Coinciding with the 20th anniversary of the 9/11 attacks, an increasing number of commentators and activists have embraced the questionable claim that the threat posed by Islamism for the last few decades has been supplanted by a far-right menace, or even that the Islamist threat was heavily exaggerated from the start – though thousands of Western jihadists joined the Islamic State, and thousands more were convicted in American and European courts before they were able to carry out their murderous plans; and jihadi violence continues in South Asia, the Middle East, the Far East, and Africa; and thousands of jihadists in the West are on security services’ watch lists; and dozens of terror plots in the U.S., France, Germany, Denmark, and Britain have ben foiled in just the past few years. In Europe alone in 2020, 29 jihadist attacks were prevented, with 254 arrested, and 15 were successful, killing 12.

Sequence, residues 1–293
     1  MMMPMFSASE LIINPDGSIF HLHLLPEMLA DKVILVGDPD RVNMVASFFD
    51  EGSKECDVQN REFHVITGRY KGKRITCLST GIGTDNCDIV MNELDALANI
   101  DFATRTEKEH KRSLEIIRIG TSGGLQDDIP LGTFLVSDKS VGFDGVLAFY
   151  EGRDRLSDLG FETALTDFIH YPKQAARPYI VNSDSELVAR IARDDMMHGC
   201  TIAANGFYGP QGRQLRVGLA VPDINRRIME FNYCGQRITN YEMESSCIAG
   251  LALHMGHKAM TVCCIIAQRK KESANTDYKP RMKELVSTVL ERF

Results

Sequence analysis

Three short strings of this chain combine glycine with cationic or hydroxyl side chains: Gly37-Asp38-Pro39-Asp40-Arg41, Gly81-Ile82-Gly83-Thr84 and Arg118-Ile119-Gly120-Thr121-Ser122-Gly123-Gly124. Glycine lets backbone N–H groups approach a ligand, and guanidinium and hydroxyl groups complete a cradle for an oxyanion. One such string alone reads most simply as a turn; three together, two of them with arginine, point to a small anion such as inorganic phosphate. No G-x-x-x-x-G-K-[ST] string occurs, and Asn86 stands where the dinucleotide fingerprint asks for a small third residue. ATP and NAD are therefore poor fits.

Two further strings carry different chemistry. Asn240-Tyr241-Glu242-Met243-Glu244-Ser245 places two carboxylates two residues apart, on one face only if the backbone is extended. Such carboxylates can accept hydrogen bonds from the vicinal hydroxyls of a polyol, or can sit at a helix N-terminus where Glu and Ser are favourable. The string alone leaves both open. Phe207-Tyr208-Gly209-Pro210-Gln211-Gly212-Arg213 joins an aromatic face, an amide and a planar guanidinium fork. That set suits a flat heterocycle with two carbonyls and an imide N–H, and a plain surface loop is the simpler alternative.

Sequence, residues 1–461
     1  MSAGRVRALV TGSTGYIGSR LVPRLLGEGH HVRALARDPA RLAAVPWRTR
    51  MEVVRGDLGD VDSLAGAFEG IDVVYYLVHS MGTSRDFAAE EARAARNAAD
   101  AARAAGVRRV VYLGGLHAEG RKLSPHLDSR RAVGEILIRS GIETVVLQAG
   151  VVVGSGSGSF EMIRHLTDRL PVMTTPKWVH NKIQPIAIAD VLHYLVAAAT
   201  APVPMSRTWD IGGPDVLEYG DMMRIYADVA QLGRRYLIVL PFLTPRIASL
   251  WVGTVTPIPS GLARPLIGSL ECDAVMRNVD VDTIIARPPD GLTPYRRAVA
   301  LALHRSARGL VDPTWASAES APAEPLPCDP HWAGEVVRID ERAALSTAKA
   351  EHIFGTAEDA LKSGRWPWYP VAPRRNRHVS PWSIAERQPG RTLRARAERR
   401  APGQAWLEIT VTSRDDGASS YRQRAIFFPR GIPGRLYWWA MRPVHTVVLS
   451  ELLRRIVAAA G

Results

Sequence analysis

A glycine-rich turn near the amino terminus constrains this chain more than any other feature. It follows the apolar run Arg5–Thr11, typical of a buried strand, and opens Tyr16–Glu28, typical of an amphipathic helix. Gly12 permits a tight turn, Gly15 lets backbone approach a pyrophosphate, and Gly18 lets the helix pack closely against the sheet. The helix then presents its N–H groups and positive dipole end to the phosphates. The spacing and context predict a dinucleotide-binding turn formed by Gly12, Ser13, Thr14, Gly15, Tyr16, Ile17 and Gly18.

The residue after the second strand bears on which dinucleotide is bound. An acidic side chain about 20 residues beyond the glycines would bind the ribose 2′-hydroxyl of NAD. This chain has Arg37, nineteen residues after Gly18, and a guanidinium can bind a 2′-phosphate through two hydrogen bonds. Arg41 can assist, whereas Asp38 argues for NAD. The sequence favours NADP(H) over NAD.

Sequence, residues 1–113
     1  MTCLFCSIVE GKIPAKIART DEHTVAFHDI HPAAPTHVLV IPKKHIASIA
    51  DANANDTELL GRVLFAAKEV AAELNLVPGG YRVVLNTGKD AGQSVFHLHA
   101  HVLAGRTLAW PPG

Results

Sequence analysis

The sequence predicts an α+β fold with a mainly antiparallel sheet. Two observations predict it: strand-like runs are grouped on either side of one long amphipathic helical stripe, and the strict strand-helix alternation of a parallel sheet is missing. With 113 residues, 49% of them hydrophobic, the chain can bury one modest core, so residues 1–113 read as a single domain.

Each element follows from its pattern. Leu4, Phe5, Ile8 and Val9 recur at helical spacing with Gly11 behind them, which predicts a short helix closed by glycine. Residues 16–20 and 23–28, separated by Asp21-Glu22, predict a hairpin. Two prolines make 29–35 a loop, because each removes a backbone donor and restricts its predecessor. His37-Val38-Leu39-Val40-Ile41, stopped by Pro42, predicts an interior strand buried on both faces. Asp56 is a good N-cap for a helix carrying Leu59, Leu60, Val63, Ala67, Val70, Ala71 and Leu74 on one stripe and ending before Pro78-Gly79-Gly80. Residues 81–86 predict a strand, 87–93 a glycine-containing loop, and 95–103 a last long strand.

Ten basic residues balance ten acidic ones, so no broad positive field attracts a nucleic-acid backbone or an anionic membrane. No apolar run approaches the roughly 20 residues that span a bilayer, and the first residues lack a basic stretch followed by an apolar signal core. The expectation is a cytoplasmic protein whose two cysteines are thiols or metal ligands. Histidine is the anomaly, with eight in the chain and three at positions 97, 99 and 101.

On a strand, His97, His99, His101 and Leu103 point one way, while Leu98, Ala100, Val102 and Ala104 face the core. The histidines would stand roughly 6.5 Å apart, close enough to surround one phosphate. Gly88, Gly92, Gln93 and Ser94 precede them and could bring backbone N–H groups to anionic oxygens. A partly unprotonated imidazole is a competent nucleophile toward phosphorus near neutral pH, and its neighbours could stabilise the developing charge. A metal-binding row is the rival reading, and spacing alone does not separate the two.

It is amid such casuistry that Islamists and their foreign state sponsors have spotted an opportunity to plead the case for their most violent progeny. Radicals are reframing dangerous jihadists convicted in the two decades following 9/11 as innocent victims of an overzealous, “structurally racist” and paranoid American security state. The greatest victim of the security state’s cruelty, Islamists claim, is Aafia Siddiqui — otherwise known as Lady Al-Qaeda, sentenced in 2010 to 86 years in prison for plotting mass casualty attacks.
Despite its overt support for terrorists, the campaigns for Siddiqui enjoy the support of widely praised modernist Salafi clerics such as Omar Suleiman. He is frequently praised as a progressivist-minded Muslim leader in mainstream media. Nancy Pelosi invited him to give the opening prayer in the U.S. House of Representatives in May 2019, and he was given a platform at Bernie Sanders’s campaign rallies the following year.